Another anarchist organizer: I wanted to make Nazis too afraid to come to DC. I also wanted to block their march. The former did not happen due to some last minute infighting, but the latter did happen.
Overall, I would say the action was an overwhelming success. Anarchists provided a great deal of labor in every aspect of the mobilization.
What did the anti-fascist demonstrators do well? What could have gone better?
David Thurston: We succeeded in overwhelmingly outnumbering our opposition, marginalizing their toxic politics, and putting forward an organizing model that can be advanced upon in the future. There were a number of internal challenges and conflicts that took shape in the lead-up to A12, but for the most part, the various components of our effort worked from a space of deep-rooted solidarity.
Another anarchist organizer: We overwhelmed neo-Nazis numerically, but because of some tactical and intelligence failures, we did not get the chance to actually confront them. But when you have thousands of people mobilizing and holding space, do you really need to escalate when the fascists are already too afraid to come out? The fact that the black bloc did not escalate when there was no reason to do so enabled us to hold space, stay disciplined until the end, and demonstrate an ability to show restraint when necessary in order to accomplish the goals of the movement.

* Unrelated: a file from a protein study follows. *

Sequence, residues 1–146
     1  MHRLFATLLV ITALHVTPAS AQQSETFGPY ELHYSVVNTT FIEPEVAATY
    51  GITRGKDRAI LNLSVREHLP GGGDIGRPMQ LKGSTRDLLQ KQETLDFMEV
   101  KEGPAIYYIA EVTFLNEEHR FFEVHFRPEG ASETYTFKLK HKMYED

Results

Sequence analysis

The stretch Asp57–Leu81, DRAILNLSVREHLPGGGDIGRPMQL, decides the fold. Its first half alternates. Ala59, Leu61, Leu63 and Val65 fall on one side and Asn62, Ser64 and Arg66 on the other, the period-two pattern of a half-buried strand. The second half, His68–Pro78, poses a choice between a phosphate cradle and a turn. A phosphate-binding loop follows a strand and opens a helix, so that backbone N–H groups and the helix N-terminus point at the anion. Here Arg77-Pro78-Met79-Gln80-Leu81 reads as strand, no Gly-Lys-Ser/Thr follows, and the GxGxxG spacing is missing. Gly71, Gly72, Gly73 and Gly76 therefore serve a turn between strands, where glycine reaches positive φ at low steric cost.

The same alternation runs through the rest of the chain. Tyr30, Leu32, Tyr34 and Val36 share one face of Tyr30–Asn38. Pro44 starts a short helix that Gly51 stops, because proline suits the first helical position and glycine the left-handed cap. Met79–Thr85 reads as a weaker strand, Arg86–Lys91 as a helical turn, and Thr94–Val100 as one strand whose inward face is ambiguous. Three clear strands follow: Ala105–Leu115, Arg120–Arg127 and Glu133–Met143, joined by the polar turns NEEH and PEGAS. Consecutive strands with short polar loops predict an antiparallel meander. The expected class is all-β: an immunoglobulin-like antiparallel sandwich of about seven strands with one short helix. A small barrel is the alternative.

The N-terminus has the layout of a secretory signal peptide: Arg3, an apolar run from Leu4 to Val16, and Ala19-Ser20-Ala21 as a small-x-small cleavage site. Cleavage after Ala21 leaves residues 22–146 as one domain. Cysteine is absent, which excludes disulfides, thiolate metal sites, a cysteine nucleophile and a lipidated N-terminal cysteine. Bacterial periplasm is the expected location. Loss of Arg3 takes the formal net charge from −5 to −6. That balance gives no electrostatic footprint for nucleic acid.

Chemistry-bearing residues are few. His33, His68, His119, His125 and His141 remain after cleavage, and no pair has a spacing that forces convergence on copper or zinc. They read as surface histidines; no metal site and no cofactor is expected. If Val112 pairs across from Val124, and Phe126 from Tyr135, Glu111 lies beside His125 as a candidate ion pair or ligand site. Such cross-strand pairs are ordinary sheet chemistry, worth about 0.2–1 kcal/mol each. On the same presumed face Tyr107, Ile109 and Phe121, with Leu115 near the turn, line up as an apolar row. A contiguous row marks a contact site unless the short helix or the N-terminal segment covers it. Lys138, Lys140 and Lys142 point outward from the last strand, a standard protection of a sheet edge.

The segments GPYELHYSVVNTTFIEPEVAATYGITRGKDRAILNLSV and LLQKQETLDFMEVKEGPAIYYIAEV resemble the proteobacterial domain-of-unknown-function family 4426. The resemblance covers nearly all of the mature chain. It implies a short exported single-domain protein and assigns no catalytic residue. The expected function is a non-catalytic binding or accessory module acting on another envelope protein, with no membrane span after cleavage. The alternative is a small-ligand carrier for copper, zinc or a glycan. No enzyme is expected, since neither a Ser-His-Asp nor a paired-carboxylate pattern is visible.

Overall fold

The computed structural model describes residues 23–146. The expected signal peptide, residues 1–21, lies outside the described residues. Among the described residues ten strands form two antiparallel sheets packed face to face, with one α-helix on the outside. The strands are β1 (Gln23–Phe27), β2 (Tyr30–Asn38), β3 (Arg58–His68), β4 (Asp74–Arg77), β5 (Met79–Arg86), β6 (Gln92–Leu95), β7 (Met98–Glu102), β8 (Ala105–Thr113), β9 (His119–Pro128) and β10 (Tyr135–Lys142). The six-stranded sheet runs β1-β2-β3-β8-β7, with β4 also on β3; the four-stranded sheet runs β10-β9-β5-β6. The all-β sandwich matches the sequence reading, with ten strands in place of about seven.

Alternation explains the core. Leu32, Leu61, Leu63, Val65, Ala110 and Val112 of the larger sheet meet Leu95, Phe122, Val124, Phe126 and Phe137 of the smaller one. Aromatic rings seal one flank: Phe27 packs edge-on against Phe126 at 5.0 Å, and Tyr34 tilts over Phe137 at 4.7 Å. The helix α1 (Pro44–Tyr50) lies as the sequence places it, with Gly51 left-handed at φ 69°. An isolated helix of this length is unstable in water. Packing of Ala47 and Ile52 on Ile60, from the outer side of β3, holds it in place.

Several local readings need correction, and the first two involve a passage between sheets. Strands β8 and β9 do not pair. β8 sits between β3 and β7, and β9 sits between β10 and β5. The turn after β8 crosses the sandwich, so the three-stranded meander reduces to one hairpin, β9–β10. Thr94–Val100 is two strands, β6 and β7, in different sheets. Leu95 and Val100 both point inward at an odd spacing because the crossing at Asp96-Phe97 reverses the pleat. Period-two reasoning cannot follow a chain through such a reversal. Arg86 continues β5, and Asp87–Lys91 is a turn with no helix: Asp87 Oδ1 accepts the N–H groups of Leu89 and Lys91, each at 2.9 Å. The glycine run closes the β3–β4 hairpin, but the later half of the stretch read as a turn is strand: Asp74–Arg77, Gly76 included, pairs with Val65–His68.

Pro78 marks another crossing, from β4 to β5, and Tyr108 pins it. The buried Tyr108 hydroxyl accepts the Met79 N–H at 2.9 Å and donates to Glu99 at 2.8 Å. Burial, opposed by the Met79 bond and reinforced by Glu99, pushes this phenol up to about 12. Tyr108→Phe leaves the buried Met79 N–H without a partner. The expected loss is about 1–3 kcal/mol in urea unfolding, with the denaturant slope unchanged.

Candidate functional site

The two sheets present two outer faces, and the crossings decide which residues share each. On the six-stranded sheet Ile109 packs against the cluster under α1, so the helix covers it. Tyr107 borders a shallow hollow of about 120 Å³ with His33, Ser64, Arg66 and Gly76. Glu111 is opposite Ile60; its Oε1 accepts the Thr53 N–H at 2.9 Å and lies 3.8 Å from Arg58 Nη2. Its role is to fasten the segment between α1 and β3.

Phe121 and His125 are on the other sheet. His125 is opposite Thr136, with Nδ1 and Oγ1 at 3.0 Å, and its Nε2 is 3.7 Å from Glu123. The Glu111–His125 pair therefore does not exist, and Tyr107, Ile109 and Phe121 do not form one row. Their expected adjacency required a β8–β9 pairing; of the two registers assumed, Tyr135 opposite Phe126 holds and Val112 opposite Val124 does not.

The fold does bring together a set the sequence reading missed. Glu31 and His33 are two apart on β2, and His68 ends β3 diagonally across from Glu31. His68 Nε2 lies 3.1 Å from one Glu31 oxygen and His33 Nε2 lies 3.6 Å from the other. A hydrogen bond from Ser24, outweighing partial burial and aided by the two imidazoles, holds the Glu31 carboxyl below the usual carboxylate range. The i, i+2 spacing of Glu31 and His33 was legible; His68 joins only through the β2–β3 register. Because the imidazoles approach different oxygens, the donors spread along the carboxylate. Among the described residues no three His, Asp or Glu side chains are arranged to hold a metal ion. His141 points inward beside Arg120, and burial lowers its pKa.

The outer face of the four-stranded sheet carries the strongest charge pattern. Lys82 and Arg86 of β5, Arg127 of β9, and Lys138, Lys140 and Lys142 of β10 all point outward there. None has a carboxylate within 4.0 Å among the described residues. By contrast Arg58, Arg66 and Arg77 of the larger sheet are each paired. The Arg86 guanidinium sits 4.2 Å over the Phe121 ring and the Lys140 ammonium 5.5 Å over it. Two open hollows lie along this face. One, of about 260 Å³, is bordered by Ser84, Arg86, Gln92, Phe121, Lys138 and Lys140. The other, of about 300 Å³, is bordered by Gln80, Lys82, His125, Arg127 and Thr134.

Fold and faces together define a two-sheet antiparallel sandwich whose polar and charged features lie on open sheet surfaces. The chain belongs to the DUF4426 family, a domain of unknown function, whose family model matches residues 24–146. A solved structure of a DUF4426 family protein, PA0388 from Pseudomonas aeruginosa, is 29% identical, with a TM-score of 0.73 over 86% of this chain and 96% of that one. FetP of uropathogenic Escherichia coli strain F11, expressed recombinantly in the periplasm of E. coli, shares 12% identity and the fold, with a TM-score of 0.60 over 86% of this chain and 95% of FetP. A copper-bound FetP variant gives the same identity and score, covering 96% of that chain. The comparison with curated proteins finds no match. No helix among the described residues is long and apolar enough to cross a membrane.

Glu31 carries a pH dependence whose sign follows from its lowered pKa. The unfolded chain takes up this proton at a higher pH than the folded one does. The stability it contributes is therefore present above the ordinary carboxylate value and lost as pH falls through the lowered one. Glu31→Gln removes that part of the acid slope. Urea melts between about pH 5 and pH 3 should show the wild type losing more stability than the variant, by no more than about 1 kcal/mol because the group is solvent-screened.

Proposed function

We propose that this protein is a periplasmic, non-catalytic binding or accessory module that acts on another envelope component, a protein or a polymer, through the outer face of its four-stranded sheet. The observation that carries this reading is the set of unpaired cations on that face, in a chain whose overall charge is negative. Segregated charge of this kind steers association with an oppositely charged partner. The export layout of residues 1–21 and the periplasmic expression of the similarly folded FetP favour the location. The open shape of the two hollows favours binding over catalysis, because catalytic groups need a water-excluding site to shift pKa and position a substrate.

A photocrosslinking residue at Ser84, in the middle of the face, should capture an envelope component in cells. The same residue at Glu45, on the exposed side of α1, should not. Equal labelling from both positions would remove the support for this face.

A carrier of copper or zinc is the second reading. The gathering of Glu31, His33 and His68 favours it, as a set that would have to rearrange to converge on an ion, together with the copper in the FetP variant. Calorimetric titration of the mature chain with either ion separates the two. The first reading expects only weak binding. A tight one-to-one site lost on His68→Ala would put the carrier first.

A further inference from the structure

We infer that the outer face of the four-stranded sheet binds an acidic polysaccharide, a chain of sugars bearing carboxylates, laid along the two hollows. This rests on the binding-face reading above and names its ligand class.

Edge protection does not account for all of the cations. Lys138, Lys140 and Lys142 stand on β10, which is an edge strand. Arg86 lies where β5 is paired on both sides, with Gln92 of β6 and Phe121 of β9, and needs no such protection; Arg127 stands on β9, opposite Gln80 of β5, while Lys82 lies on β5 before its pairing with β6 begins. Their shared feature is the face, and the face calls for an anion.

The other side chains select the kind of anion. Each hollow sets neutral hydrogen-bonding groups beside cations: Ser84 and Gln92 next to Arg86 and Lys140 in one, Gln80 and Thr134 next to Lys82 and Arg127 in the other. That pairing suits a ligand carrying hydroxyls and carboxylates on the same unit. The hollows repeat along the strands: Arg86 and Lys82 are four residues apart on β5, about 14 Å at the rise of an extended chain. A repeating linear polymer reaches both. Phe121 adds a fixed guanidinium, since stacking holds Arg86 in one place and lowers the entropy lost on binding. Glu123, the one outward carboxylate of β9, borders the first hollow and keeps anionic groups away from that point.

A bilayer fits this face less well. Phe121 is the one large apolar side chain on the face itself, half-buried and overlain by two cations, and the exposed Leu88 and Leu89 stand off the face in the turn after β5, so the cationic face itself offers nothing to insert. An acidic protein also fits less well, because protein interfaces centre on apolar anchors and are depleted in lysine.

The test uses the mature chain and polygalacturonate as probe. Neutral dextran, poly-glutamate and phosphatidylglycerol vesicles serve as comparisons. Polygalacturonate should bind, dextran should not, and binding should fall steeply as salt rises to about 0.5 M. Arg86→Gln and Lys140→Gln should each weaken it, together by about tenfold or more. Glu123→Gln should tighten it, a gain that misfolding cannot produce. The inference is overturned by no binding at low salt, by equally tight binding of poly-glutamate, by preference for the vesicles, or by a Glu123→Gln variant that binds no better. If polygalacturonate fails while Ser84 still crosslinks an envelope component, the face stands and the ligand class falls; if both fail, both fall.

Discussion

On January 20, hundreds of people were mass-arrested during Trump’s inauguration and indiscriminately charged with eight or more felonies apiece. How did the legacy of the J20 case influence planning ahead of August 12? How do you think it influenced those who did not participate in the planning, but came to participate?
David Thurston: The fact that there were absolutely no convictions for J20 defendants was probably a big factor explaining why our city’s multitude of police forces were relatively restrained. My inkling is that someone above or in the orbit of Chief Newsham realized that it was not in the city’s interests for local police to play the role of being the extreme right’s de-facto storm troopers. That said, the massive deployment of state power was obscene. My guess is that a few million dollars of city money probably went into massive police overtime.